The eyes of the entire world are on the Indian elections. The ‘New York Times' has sent its political correspondent for Asian affairs to explain to its readers our election process. The other day, he called on me for a brief introduction to the elections.
"I've just covered the elections in Taiwan and South Korea and the run in to the elections in Bangladesh. Compared to these, you elections should be simple," he said. "Now, let me see, you've got two parties, Congress and Communists."
"No, no, no," I said, "our two main parties are Coingress and BJP Hindutva. Communists are in Calcutta."
"Ah, the City of Joy. How strong are the Communists? Our editors are particularly interested in the Communists influence in India," he said.
"Well, the CPM are stronger than the CPI, but the CPM Marxist-Leninist has more clout than the CPM. There is also the Forward Block."
"That's a bit confusing," he said. "Tell me about the Congress."
"Which Congress would you like me to tell you about," I said. "The Madhya Pradesh Vikas Congress, or the All-India Indira Congress (Tewari Group), or the Indian National Congress of Narasimha Rao, which is fast disintegration?"
"I had no idea there wer so many Congresses," the correspondent said, taking notes.
"There would be, we are the world's largest democracy," I pointed out to him. "There is also Prem Sawhney's Congress of People and the Tamilnad Maanila Congress (Moopanar Group)."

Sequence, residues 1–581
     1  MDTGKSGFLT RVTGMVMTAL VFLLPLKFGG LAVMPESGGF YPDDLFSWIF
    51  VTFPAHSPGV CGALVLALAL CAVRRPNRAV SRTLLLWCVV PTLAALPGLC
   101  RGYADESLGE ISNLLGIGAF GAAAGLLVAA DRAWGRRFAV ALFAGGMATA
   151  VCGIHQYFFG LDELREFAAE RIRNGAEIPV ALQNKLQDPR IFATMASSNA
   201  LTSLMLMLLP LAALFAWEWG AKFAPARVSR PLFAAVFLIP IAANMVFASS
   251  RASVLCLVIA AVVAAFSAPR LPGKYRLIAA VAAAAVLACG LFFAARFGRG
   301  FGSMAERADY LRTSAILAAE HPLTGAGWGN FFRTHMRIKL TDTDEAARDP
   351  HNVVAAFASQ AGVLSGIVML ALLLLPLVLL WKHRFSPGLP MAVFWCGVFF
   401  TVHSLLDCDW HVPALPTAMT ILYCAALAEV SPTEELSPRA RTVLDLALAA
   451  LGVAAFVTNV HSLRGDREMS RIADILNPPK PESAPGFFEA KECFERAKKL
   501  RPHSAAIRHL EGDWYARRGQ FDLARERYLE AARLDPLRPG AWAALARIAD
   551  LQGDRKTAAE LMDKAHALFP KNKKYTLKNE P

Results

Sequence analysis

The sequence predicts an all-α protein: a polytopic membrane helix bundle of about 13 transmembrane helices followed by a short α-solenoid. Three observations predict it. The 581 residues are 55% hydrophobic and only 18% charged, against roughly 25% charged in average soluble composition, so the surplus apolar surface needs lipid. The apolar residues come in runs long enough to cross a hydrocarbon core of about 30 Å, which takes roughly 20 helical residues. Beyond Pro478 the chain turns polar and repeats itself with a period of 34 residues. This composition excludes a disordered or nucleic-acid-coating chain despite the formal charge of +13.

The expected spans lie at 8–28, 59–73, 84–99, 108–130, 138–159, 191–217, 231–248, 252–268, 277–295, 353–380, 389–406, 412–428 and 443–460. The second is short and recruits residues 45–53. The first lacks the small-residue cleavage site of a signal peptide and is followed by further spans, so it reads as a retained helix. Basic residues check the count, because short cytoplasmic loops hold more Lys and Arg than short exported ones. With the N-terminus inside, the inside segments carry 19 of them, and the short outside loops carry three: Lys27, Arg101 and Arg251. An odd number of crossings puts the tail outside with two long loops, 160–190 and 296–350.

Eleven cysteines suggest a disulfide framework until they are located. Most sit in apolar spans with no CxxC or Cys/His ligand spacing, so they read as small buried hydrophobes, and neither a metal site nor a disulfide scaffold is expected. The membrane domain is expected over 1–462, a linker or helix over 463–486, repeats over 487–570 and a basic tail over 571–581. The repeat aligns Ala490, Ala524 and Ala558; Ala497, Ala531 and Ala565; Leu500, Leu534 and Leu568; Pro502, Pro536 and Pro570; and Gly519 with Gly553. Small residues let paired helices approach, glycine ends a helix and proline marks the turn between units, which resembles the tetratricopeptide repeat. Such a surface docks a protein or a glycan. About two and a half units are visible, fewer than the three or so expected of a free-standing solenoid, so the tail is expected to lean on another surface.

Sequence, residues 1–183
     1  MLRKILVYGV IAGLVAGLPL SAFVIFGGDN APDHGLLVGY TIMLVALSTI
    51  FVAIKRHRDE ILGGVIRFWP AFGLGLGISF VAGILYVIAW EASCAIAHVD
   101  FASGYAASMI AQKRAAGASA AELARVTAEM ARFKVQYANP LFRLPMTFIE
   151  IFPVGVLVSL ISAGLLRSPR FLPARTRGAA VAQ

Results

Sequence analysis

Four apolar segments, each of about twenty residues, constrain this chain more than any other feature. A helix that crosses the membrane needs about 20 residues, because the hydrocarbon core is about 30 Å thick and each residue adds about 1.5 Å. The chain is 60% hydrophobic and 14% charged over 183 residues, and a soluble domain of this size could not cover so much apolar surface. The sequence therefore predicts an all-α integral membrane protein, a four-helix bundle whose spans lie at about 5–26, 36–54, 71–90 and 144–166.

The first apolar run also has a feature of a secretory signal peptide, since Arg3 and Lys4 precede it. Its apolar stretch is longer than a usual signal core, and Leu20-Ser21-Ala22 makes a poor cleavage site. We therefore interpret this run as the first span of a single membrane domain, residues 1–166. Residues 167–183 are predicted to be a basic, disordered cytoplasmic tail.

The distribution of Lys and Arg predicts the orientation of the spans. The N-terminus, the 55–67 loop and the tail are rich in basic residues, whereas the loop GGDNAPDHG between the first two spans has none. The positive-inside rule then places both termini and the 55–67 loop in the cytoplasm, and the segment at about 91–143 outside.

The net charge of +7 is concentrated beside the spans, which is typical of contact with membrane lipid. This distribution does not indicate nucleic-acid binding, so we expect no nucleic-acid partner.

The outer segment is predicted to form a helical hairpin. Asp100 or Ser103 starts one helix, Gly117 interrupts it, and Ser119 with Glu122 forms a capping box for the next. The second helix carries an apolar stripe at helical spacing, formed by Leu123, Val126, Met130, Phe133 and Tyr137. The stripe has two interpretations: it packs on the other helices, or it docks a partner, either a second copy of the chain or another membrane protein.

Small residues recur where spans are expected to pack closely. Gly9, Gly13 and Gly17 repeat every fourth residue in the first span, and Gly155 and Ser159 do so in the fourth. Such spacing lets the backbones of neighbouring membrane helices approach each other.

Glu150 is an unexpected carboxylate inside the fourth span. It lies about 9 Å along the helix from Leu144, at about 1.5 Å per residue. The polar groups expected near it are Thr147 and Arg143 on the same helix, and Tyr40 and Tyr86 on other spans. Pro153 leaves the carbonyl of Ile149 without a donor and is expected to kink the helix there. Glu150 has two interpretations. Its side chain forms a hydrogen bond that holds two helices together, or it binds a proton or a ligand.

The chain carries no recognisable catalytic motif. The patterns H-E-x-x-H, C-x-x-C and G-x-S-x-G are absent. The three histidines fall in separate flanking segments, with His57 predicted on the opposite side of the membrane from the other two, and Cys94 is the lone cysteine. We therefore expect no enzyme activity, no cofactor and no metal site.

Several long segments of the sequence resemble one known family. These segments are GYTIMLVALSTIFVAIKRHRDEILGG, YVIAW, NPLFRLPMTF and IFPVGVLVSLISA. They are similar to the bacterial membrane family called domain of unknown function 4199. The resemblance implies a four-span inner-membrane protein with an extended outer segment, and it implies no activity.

"Are they all contesting the elections as one party?" the ‘NYT' man asked.
"You must be joking," I said. "Though the Indian National Congress has joined hands with the AIDMK (Jayalalitha Group), but not the DMK (M. Karunanidhi Group), which is with the Tamilnad Maanila Congress (Moopanar Group)."
"Are there any more parties in your elections?" he asked.
"Not really," I said. "Unless you want to take seriously Pavitra Hindustan Kazhagam Party (Jethmalani Group)."
"And that's the lot," he said.
"Not quite," I said. "Now, let me see, there is Bahujan Samaj (Kanshi Ram Group), and the Samata Party (George Fernandes Group), and the Bihar People's Party (Anand Mohan Group), plus, Mr. Thackeray's Shiv Sena. Yes, we must not forget that, it is going national."
"I don't think the average ‘New York Times' reader can manage this lot," the corespondent said.
"You will have to explain it to him," I said. "And be careful to distinguish between the Samajwadi Party (Mulayam Singh Group), Samajwadi Janata Party (Chandrashekhar Group), and Samajwadi Party, Maharastra (Anil Ghote Group)."
"And that is all," he said.
"I think so, unless you want to know about the independents who are contesting the elections," I said.
"Amazing," said the Correspondent. "How do you manage to write about so many parties in your elections?"
"Writing is easy," I said. "It is which party to vote for that is a difficult task."